When the Modi government swept to power in May 2014, it did so without a single Muslim or Christian MP among the 282 who won on the party’s ticket. In fact, SS Ahluwalia, a Sikh, and Thupstan Chhewang, a Buddhist from Ladakh, were all that the BJP had to show by way of minority or non-Hindu representation among its flock. In a country in which the minorities account for over 20 per cent of the population, a party winning a majority in Parliament would be expected to have the diverse communities represented among its ranks. After all, an important aspect of democracy is that all sections feel they have a stake in power. But clearly, the BJP cares little for such niceties. Three years later, it jettisoned even the pretence of putting up Muslim candidates in UP, a state where almost a fifth of the population belongs to that community. If anything, the message has become even clearer – the minorities have no place in the BJP’s scheme of things or in “sabka saath”.

The fundamentally undemocratic nature of the Modi government’s vision of governance is laid bare not just by this stark reality, but by its actions in the three years it has been in power. Whether it is a question of individual rights or of political battles, the Modi government, the BJP and the larger sangh parivar have shown time and again that they don’t need to think twice before trampling on democratic norms.

In just the year gone by, the instances of this contempt for democracy are several and unmistakable. The most obvious, of course, is the manner in which the government reduced almost 90% of all currency in circulation to worthless paper overnight. Another article in this booklet examines in greater detail how much damage was caused by this move, but even without going into the merits of the decision, there is no mistaking the autocratic impulse behind it. The prime minister and a handful of his chosen cronies did not even bother to consult the cabinet on something so enormously disruptive, leave alone the BJP’s allies, Parliament or the people at large.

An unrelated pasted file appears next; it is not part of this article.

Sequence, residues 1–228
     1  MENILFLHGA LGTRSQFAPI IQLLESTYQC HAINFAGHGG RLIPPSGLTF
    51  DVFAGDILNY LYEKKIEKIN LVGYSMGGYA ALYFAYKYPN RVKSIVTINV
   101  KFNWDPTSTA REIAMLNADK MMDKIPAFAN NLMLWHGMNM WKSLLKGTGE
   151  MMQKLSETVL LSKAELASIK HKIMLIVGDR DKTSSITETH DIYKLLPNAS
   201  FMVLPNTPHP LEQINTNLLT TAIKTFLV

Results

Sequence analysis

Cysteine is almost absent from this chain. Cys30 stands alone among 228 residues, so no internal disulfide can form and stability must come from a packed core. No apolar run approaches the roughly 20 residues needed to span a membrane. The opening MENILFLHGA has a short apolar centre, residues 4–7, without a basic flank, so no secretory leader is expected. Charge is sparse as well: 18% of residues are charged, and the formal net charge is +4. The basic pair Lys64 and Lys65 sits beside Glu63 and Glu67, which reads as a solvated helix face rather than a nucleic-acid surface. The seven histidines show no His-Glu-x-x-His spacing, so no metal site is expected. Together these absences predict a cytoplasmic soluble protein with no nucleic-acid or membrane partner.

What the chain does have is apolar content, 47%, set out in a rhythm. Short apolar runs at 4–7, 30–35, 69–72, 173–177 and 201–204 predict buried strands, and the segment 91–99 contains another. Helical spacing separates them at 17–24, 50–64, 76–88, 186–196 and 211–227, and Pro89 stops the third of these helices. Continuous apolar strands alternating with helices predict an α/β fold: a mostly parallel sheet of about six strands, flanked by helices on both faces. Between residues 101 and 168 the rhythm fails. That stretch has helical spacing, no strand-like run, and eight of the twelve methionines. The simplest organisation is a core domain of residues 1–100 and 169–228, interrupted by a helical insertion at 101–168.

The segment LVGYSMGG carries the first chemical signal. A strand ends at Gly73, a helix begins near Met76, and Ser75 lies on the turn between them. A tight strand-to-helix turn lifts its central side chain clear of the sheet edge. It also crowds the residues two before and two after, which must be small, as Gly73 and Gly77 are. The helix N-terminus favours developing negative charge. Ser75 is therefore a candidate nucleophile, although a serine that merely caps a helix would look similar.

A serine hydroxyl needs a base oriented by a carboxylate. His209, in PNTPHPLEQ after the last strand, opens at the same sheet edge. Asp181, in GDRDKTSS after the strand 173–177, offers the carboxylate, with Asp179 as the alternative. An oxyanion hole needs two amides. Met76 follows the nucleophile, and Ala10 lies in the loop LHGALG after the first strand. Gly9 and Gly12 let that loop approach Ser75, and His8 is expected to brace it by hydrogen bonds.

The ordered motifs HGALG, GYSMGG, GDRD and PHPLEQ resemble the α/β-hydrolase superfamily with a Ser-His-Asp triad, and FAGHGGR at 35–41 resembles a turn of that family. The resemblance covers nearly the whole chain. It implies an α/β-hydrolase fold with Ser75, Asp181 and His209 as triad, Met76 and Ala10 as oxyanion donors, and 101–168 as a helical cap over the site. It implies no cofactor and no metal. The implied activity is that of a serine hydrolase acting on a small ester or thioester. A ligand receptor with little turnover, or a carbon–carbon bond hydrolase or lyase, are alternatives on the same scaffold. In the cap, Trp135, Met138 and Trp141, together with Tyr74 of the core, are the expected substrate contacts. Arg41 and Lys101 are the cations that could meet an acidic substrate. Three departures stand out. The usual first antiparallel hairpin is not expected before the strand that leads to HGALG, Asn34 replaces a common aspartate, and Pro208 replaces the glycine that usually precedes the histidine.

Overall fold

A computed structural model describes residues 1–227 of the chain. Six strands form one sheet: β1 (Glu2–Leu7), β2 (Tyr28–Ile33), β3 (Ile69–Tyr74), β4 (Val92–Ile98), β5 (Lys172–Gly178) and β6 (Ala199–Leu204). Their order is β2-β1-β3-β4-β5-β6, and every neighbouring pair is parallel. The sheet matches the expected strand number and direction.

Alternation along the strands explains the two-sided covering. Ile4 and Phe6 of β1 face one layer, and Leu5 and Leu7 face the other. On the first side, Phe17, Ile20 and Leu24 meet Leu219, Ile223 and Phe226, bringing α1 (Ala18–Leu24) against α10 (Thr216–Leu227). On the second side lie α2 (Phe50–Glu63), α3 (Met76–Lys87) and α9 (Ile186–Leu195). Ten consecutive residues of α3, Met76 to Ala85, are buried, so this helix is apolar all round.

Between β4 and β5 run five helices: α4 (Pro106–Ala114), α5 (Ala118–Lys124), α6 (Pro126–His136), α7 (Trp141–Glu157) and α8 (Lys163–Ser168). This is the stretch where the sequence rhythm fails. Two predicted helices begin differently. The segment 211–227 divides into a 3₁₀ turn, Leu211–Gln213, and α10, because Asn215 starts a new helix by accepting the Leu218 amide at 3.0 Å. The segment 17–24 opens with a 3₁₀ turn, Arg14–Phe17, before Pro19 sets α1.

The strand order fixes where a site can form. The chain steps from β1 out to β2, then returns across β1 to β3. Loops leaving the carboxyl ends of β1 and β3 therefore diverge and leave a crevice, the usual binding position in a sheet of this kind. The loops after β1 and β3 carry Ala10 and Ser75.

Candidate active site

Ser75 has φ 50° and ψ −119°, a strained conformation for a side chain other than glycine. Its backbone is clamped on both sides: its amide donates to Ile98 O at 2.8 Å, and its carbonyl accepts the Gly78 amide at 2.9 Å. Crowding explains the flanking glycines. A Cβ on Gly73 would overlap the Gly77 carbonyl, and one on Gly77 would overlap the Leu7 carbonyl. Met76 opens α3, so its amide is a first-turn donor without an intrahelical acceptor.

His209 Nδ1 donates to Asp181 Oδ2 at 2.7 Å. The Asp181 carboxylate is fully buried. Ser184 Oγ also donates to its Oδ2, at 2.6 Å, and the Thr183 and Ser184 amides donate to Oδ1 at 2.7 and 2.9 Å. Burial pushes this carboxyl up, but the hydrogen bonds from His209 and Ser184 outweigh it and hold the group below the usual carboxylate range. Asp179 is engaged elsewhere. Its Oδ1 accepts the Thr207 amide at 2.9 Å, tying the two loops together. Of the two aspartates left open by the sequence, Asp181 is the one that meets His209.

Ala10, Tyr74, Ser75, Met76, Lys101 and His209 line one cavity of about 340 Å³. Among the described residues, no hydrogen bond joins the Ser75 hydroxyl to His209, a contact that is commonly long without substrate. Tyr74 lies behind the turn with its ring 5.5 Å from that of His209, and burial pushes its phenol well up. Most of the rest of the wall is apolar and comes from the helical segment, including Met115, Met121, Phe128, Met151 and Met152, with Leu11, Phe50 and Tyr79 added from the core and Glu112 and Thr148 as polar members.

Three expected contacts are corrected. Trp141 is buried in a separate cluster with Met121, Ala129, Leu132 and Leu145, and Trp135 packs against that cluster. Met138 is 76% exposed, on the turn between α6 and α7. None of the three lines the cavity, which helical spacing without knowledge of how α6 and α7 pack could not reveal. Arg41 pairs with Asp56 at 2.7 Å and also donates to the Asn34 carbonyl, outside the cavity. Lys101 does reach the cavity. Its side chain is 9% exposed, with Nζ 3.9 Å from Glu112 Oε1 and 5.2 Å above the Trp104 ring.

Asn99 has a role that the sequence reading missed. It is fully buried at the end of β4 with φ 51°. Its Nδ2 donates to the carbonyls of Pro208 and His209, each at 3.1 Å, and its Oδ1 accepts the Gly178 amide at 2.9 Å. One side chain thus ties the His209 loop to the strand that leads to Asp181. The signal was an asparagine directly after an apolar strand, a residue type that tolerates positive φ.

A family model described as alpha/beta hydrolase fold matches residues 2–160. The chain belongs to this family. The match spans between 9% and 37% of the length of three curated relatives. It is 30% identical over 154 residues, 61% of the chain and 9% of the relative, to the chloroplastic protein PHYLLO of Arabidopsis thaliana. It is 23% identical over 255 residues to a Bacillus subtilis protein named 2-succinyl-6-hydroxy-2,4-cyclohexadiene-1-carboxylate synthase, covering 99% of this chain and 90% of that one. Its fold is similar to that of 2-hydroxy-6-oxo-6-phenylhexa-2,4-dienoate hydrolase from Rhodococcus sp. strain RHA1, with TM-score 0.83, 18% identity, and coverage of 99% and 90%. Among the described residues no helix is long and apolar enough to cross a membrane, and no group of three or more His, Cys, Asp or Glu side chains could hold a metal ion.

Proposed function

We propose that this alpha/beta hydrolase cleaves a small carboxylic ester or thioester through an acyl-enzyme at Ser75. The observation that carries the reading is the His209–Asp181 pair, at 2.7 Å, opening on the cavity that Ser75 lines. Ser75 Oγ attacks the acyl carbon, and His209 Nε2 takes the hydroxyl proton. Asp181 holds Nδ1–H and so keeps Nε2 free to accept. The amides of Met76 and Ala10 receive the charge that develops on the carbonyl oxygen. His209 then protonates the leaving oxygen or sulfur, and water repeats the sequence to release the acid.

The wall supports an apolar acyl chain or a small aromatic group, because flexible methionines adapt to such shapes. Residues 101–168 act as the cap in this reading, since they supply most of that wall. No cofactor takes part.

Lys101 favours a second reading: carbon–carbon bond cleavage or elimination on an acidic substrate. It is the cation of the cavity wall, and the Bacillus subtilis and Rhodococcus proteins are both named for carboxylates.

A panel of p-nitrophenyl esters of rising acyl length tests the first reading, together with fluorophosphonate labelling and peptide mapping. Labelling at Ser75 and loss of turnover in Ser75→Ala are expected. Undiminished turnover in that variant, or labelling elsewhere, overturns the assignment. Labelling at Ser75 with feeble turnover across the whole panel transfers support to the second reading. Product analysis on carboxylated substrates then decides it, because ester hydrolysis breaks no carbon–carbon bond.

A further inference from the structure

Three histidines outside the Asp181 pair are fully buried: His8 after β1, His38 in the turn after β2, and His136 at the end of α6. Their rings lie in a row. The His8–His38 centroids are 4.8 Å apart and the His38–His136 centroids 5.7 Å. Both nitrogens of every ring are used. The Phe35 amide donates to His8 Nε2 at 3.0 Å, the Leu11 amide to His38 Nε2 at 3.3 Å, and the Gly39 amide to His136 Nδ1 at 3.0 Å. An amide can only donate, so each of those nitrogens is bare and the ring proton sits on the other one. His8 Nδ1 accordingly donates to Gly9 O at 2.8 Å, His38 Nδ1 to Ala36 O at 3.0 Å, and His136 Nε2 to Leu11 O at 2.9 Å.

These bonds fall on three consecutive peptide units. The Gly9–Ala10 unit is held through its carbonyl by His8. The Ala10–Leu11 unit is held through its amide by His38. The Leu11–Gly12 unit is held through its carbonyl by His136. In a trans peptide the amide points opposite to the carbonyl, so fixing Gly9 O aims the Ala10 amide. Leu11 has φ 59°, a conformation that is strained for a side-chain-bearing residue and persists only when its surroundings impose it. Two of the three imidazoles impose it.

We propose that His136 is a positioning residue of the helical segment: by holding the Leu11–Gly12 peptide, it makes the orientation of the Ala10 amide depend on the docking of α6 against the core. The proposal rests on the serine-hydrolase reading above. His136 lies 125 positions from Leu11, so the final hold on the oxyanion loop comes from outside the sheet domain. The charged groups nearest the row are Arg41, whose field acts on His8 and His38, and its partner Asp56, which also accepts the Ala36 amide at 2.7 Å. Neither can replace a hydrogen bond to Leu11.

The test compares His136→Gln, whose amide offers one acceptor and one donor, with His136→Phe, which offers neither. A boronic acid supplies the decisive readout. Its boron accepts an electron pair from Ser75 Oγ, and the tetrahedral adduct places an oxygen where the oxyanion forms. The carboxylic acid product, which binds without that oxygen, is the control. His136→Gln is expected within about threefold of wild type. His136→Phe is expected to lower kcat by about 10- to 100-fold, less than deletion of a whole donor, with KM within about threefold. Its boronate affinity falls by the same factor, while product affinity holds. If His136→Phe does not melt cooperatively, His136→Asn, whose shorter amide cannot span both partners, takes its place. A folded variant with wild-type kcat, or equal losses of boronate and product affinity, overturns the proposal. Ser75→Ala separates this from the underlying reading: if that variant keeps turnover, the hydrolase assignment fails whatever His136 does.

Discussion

The same disregard for democratic norms was evident in the manner in which the BJP rushed to form governments in Manipur and Goa despite having lost the elections in both states. With governors who were not surprisingly willing to play along – the one in Goa actually went on record to say she had consulted Arun Jaitley about it!!! – the people’s mandate was reduced to an irrelevancy. Given the manner in which the BJP had sought to destablise the government in Uttarakhand earlier in its tenure and had successfully converted a Congress government in Arunachal Pradesh into its government, Manipur and Goa came as no surprise, but they did underline just how cavalier the party’s attitude towards democratic norms is.

The manner in which Aadhar has been rammed down the throats of people is another example of this authoritarian attitude. Despite interim orders from courts that Aadhar cannot be made mandatory for welfare schemes, the government has simply gone ahead and in practice done just that without waiting for final orders. The manner in which the Aadhar law was passed was in itself another instance of the government riding roughshod over all dissent and opposition. Realising – after its experience with the land acquisition bill – that it would not be able to get the bill accepted by the Rajya Sabha, it simply dubbed it a money bill since money bills cannot be blocked by the Rajya Sabha. The fact that scores of constitutional experts said this was unconstitutional and that the Aadhar bill could not by any stretch be construed as a money bill mattered not one bit.